24 Andres Jaaksoo, ‘Halfway to the Moon, Estonian children’s literature’, Bookbird, vol. 38, №1, 2000, pp. 37-40. 25 One of the films is available online: Mufta, Polbotinka i Mokhovaya Boroda, 1984, [online video], by Tallinnfilm, 11 February 2014, https://www.youtube.com/watch?v=vMzjsRqQVJ0, accessed 1 April 2016. 26 Eteri Kekelidze, ‘Novye priklyutcheniya Mufti, Polbotinka i Mokhovoy Borody v Rossii’, Molodezhʹ Ėstonii, 16.09.2006, [electronic version], http://www.moles.ee/06/Sep/16/8-1.php, accessed 1 April 2016. 27 Ben Hellman, Fairy Tales and True Stories: The History of Russian Literature for Children and Young People (1574 - 2010) (Leiden 2013), p.32.


The four-part fairy tale Three Jolly Fellows is about the adventures of three small - looking men: the imperturbable and close-to-nature Mossbeard, the excitable city dweller Half- shoe and the sensitive poet Muff. I prefer to call the books in Estonian, as Naksitrallid tetralogy (or suite), the four novels may be read as a whole or separately. A short retelling of the stories will be attached in the enclosure.

The idea of the books is based on ecological and environmental problems, which have become up-to-date in the 1970’s. The is woven around the imbalance between nature and people’s demands. The importance of living in harmony with nature is presented with humour and childish ingenuity in a form of a wonderful collaboration between three tiny creatures and Nature itself. The name of the creatures is “naksitrallid” in Estonian, which is translated as “накситралли” in the Russian translation. Despite the fact, that in the only English translation, the word “fellows” is used28, in my paper, I will use the similar word to the original and Russian translation - “the Naksitralls”. Nature plays a role as an impersonal “helper” in these books, who acts through behaviour of friendly animals, effectiveness of medical herbs and coincidences of natural laws. If Natural phenomena are interpreted in the “open hearted” way, the Naksitralls get the clues that solve their problems. The naïve purity and childish creativity helps the Naksitralls understand the surrounding environment and in concordance with Nature. Raud endows his characters with a sense of freedom, individuality and wise responsibility. The sense of humour and adventurous storytelling entertain young readers, and it is easy for them to associate with the creatures that live in the same world as we do. There is almost no study about Naksitrallid available in English, Russian, Finnish or Swedish, probably because of an absence of translations into Nordic languages,29 although these books were translated into 18 languages. Evi Mannermaa’s translations into English are difficult to access since they were published in small amount in Soviet Estonia 1982-1985 and have never been republished since then. Soviet Estonian literature is easy to compare with Russian literary tradition because of the Russian cultural domination in Estonian schools during the Soviet period. However, this book did not have any famous analogues in Russian children’s literature during the time it was published. The formal indicators of the narrative illustrate the contemporary children’s with fantastic protagonists and almost wonderful ways out of difficult situations.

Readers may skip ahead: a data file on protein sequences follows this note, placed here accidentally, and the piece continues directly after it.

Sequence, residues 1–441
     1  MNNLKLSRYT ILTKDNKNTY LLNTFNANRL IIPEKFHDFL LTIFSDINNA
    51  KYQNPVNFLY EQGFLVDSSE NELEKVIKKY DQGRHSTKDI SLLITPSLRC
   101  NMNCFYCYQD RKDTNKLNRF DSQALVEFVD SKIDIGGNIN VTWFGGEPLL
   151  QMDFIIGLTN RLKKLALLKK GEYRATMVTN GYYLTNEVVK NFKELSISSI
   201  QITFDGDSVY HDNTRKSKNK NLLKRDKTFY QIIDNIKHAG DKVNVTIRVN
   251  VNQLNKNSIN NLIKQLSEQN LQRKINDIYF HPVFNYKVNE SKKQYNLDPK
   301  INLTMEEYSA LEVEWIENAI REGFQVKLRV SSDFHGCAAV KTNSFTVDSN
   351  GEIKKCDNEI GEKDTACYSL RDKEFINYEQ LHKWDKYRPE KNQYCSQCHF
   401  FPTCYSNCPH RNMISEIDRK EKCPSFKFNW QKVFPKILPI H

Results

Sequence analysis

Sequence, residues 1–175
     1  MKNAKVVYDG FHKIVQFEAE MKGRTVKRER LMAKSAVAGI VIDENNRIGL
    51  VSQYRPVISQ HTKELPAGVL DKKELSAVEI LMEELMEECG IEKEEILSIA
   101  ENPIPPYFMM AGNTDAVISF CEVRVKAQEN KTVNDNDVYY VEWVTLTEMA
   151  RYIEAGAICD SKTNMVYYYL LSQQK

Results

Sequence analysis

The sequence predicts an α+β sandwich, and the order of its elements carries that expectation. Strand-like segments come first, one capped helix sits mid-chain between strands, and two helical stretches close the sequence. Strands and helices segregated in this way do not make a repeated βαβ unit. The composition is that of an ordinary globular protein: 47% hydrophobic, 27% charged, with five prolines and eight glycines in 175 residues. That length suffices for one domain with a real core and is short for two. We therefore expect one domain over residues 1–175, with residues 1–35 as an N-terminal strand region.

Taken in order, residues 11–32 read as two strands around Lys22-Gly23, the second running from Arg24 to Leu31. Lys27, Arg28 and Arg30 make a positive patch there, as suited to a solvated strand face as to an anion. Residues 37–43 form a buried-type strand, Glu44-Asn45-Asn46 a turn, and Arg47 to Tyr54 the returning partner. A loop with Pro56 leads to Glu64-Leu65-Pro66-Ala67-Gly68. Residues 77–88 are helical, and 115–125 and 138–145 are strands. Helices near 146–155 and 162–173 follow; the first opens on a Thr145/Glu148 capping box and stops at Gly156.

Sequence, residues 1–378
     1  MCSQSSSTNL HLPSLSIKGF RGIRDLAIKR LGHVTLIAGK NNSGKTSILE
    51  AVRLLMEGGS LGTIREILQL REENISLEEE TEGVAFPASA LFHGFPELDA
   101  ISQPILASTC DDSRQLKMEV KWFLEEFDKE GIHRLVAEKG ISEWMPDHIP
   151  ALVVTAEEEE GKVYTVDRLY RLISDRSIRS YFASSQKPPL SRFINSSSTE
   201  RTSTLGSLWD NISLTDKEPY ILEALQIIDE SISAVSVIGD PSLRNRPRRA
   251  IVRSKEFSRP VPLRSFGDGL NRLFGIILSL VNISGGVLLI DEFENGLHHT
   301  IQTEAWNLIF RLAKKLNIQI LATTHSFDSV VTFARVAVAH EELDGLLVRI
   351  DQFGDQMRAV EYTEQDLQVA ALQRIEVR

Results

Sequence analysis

28 Eno Raud, ‘Three Jolly Fellows’, vol. 1-4 (Tallinn 1982, 1982, 1983, 1985), trans. Evi Mannermaa. 29 Only one book was translted into Norwegian by Fredrik Kristensen in 1980, with the name Tre muntre karer.


The new tradition of storytelling in the end of the 19th - beginning of the 20th century